Since the very beginning of Bacula (January 2000) until today (December 2005), there have been two major Bacula tape formats. The second format was introduced in version 1.27 in November of 2002, and it has not changed since then. In principle, Bacula can still read the original format, but I haven't tried it lately so who knows ...
Though the tape format is fixed, the kinds of data that we can put on the tapes are extensible, and that is how we added new features such as ACLs, Win32 data, encrypted data, ... Obviously, an older version of Bacula would not know how to read these newer data streams, but each newer version of Bacula should know how to read all the older streams.
If you want to be 100should:
1. Try reading old tapes from time to time -- e.g. at least once a year.
2. Keep statically linked copies of every version of Bacula that you use in production then if for some reason, we botch up old tape compatibility, you can always pull out an old copy of Bacula ...
The second point is probably overkill but if you want to be sure, it may save you someday.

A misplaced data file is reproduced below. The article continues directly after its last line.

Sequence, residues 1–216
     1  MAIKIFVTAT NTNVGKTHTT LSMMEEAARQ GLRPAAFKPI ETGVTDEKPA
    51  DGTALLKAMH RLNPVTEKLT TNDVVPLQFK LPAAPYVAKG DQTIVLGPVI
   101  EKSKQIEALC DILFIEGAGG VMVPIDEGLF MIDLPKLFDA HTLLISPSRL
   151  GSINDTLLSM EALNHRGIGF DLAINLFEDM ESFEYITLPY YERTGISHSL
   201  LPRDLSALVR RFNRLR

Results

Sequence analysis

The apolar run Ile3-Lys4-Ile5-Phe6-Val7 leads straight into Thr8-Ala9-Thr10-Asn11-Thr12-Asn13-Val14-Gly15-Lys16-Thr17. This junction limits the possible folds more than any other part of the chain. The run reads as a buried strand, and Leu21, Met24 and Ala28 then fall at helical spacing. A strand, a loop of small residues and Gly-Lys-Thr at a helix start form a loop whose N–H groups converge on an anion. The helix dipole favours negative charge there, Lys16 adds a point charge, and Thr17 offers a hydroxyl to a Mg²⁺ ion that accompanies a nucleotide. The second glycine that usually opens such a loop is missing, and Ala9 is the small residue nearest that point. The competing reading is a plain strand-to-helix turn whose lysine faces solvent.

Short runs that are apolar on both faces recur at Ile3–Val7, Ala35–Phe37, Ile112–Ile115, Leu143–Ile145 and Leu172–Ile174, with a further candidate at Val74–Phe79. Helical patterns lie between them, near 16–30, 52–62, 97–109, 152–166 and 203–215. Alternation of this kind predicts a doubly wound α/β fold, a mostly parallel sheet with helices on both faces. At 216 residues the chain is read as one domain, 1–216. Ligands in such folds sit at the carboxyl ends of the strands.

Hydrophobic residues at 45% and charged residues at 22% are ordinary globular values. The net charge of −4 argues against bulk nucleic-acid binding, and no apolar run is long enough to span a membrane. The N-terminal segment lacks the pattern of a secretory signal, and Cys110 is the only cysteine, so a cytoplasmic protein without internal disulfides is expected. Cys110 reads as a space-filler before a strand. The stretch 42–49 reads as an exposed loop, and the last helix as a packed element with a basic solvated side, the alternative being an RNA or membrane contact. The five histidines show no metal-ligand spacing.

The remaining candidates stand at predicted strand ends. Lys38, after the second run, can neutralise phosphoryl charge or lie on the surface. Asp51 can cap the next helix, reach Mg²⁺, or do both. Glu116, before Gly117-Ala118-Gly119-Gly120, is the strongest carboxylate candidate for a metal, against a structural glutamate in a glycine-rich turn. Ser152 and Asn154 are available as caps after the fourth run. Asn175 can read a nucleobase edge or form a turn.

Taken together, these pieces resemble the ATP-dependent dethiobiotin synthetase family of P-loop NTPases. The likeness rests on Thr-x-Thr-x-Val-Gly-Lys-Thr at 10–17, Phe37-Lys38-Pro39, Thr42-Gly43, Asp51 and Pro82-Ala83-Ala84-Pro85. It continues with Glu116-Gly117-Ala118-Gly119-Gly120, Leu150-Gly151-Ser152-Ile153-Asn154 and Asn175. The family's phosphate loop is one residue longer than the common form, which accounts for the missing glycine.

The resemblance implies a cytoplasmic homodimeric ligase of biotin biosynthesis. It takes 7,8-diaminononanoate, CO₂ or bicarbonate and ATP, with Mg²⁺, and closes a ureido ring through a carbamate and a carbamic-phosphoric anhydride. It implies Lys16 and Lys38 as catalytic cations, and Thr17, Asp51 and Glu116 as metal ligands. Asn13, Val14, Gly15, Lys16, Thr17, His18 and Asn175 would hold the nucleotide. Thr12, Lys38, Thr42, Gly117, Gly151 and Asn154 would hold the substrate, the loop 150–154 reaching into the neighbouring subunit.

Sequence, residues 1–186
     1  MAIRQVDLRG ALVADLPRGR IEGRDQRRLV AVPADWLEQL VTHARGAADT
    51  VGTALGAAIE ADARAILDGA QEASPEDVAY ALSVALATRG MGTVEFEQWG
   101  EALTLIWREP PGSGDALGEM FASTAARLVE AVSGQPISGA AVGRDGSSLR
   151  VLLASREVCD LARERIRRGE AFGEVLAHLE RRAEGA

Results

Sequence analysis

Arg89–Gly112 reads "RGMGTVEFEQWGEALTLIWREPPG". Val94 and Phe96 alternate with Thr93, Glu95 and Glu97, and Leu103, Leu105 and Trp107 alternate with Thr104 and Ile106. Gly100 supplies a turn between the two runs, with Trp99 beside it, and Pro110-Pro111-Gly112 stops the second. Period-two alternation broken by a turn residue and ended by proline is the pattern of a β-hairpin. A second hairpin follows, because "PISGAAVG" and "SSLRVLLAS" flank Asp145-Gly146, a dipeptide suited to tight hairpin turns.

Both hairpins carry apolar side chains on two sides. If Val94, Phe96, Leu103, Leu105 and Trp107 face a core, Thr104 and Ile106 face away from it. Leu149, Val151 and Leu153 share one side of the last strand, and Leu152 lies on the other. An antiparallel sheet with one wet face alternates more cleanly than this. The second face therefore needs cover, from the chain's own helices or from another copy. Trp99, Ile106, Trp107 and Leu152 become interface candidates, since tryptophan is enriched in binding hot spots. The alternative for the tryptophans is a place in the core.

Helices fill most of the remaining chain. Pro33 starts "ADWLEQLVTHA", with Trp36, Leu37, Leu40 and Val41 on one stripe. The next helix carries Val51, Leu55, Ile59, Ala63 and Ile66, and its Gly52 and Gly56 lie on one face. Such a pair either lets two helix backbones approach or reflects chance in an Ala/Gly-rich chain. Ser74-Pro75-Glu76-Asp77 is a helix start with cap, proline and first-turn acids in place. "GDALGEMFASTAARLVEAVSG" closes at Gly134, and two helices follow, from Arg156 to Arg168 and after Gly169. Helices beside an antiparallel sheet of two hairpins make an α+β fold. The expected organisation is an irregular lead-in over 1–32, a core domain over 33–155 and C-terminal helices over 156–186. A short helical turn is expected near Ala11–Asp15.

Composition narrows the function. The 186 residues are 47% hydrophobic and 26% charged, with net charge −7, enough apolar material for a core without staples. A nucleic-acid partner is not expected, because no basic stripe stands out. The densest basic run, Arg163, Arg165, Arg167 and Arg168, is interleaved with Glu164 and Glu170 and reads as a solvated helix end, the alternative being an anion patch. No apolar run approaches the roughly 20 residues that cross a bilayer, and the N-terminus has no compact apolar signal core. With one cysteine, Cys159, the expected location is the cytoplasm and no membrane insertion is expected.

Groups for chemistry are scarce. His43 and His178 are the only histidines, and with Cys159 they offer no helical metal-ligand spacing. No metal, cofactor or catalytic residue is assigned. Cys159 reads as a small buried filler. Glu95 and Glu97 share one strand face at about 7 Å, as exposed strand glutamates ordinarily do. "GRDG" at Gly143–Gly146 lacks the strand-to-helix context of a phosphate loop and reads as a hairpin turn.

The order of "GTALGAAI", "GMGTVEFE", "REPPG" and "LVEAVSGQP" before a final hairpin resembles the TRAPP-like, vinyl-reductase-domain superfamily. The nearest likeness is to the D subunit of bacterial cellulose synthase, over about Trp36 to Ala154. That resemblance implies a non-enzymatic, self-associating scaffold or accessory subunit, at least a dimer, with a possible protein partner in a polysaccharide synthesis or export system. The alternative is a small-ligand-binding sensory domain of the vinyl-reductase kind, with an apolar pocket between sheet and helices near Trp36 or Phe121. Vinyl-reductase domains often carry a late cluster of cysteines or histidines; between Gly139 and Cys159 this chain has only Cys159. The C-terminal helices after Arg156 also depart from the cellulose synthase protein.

TCP Wrappers are implemented if you turn them on when configuring
With this code enabled, you may control who may access your
daemons. This control is done by modifying the file: /etc/hosts.allow. The program name that Bacula uses when
applying these access restrictions is the name you specify in the
daemon configuration file (see below for examples).
You must not use the twist option in your /etc/hosts.allow or it will terminate the Bacula daemon when a
connection is refused.
The exact name of the package you need loaded to build with TCP wrappers depends on the system. For example, on SuSE, the TCP wrappers libraries needed to link Bacula are contained in the tcpd-devel package. On RedHat the package is named tcp_wrappers.
Dan Langille has provided the following information on configuring and testing TCP wrappers with Bacula.
If you read hosts_options(5), you will see an option called twist. This option replaces the current process by an instance of the specified shell command. Typically, something like this is used:
ALL : ALL \ : severity auth.info \ : twist /bin/echo "You are not welcome to use %d from %h."
The libwrap code tries to avoid twist if it runs in a resident process, but that test will not protect the first hosts_access() call. This will result in the process (e.g. bacula-fd, bacula-sd, bacula-dir) being terminated if the first connection to their port results in the twist option being invoked. The potential, and I stress potential, exists for an attacker to prevent the daemons from running. This situation is eliminated if your /etc/hosts.allow file contains an appropriate rule set. The following example is sufficient: